'Bhabhi, the law doesn't work like that. Contempt is a serious thing, you can't go against the rights a judge has given. All you can do is delay. That's the best I can offer.'
'Delay the case?'
'No. Contempt cases are decided quickly. You can delay sending the child for one reason or another. Illness, camp – whatever you think will be plausible. Above all, you should not be accused of obstructing justice.'
Walking back to her parents' flat, Ishita was a little subdued.
'She runs off and abandons Roohi and now we send her to her. It's simply not right.'
'Then what? I don't think we have a choice, that's all.' said Raman tiredly. He looked at the children running about in the park. Everything about the situation tore at him.
'I think my heart will break,' Ishita said as they got into the elevator. 'I can't bear this half-here-half-there situation. I have given her everything – not because of you, but because of her.'
'I know, dearest, I know.'
'Sometimes I think I was better off at Jeevan, caring for many children, but loving none as a parent. Now I care for one – but I feel this constant tension which is due to the fear of losing her.'
She smiled at him faintly, a twisted smile. Eventually they decided that when the time came to send her, they would provide a medical certificate. The details could be figured out later.
Raman's thoughts now inconveniently wandered in a direction Ishita thought completely unnecessary. 'I wonder if Roohi might object when later on she discovers we kept her form her mother.'
'Don't you think it's our duty to keep her from being manipulated, while she is still so young? Besides, she will not object.'
'How can you be so sure?'
'How? Because she is better off with us. Besides, we are not keeping her away for ever.'
Meanwhile, Shagun to her mother:
Yesterday was our fourth anniversary, imagine four years since we met at that fateful party at the Oberoi! To celebrate, he took me to Veda where they have fusion Indian cuisine. He wanted to have desi food, to commemorate the country of our love.
I can't wait to see you and the children. I have timed my visit to India to coincide with their holidays, so I can take them back with me. You know my initial efforts have borne fruit, and I am setting up a small import business. Once I establish my sources, I will be on a more secure ground.
Do you ever get to see Roo? Raman must know she misses you. Do please phone him Mama – and ask if she can come over – he can be there the whole time if he wants. He is beginning to show signs of paranoia, as though I would kidnap the children! True, one does hear of such cases, but Ashok would never allow it.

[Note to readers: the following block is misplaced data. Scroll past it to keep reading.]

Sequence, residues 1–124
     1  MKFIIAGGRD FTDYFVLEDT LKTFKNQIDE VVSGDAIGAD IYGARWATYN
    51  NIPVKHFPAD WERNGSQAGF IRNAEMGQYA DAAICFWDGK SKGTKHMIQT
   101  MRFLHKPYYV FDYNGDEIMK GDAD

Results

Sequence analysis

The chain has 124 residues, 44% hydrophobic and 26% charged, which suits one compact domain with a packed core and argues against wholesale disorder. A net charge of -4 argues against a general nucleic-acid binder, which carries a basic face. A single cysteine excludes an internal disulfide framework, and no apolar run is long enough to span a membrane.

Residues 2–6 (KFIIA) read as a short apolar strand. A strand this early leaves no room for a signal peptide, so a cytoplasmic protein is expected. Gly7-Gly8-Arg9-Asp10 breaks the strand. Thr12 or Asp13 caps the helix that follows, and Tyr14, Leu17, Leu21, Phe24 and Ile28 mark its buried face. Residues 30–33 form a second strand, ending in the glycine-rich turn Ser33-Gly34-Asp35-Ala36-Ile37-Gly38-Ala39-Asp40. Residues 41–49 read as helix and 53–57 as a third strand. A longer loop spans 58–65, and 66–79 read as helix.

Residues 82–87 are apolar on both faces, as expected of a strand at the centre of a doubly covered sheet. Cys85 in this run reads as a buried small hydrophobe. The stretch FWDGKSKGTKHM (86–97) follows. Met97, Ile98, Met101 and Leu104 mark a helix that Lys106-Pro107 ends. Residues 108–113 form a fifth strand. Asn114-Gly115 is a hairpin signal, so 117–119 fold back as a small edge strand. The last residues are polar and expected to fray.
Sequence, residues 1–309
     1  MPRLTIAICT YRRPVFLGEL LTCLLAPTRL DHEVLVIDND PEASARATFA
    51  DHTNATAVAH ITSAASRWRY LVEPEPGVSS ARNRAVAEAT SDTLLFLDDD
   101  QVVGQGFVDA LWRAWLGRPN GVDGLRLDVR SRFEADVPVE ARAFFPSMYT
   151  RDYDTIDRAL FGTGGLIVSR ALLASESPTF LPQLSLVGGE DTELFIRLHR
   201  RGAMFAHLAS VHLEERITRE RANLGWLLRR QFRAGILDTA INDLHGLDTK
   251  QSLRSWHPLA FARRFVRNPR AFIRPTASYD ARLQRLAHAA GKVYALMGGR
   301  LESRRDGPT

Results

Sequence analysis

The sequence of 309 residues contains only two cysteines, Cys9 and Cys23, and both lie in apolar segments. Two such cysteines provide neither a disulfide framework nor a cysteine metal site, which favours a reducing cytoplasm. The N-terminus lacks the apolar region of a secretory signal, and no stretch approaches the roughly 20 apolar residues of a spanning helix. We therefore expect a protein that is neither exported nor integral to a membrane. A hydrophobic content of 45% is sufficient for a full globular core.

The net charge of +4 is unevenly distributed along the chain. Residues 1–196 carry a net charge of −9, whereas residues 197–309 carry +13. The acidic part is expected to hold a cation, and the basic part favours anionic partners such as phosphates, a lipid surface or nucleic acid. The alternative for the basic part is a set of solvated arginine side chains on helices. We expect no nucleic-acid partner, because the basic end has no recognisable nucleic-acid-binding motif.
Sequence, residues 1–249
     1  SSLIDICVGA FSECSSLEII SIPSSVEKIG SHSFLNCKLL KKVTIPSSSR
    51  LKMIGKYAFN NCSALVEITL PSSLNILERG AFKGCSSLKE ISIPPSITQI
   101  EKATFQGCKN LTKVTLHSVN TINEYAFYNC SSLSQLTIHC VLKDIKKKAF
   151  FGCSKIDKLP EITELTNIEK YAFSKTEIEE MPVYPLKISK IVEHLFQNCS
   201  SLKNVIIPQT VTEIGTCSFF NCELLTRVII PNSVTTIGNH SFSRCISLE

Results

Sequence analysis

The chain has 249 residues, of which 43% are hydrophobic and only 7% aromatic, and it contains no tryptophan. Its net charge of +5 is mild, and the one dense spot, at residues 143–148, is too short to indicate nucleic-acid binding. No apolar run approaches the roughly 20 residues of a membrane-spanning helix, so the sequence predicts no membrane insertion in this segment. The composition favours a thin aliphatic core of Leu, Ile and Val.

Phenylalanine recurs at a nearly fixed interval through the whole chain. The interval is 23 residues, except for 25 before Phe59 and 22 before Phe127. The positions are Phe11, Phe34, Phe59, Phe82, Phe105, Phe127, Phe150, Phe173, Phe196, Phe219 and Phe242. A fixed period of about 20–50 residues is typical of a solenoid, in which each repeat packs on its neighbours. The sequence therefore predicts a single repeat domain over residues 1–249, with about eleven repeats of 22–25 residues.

Mama, also find out if Roo is happy in school? Of all the places he had to pick OSC??!! Trust Raman to send her to a convent. He is so boring and conventional.
Lots of love, Shagun.
P.S: Don't forget to call Roo over.
Three days later.
'What's the matter?'
'I got a phone call from Mrs Sabharwal.'
'Can't they leave us alone?'
'She says she misses the children.'
'Whose fault is that?'
'She wants to see Roo.'
'Go, by all means. I don't know how much this will remind Roo of that woman, but yes, I suppose it will look bad if you refuse.'
The careful tone of his wife was not lost on the husband. Later, as Ishita was putting the child to sleep, Raman turned on the TV, and spent a long time staring at successive images of the world's misery. In the light of all this, he wished he could consider his own tribulations minor.
He thought of all those times he had parked outside the Sabharwal gate in Alaknanda, waiting for his children. Not once had his ex-mother-in-law ever tried to talk to him, let alone sympathise with him. Thinking of all this made him far angrier with Mrs Sabharwal than he had ever been before.
The next time Mrs Sabharwal phoned, Raman was distant and polite. He was sorry, but Roo refused to visit Alaknanda. Maybe the place had bad associations for her. Stammering, Mrs Sabharwal got off the phone. No matter how mean it made him feel, Raman was determined to look after his own interests.
The school buses will come to Nehru Stadium on June 1st. Next day, Roo and I will go to Naani's place. Mama will be waiting for us there. I won a point for my house because I did so well in my exams. Rest is fine.
to be continued...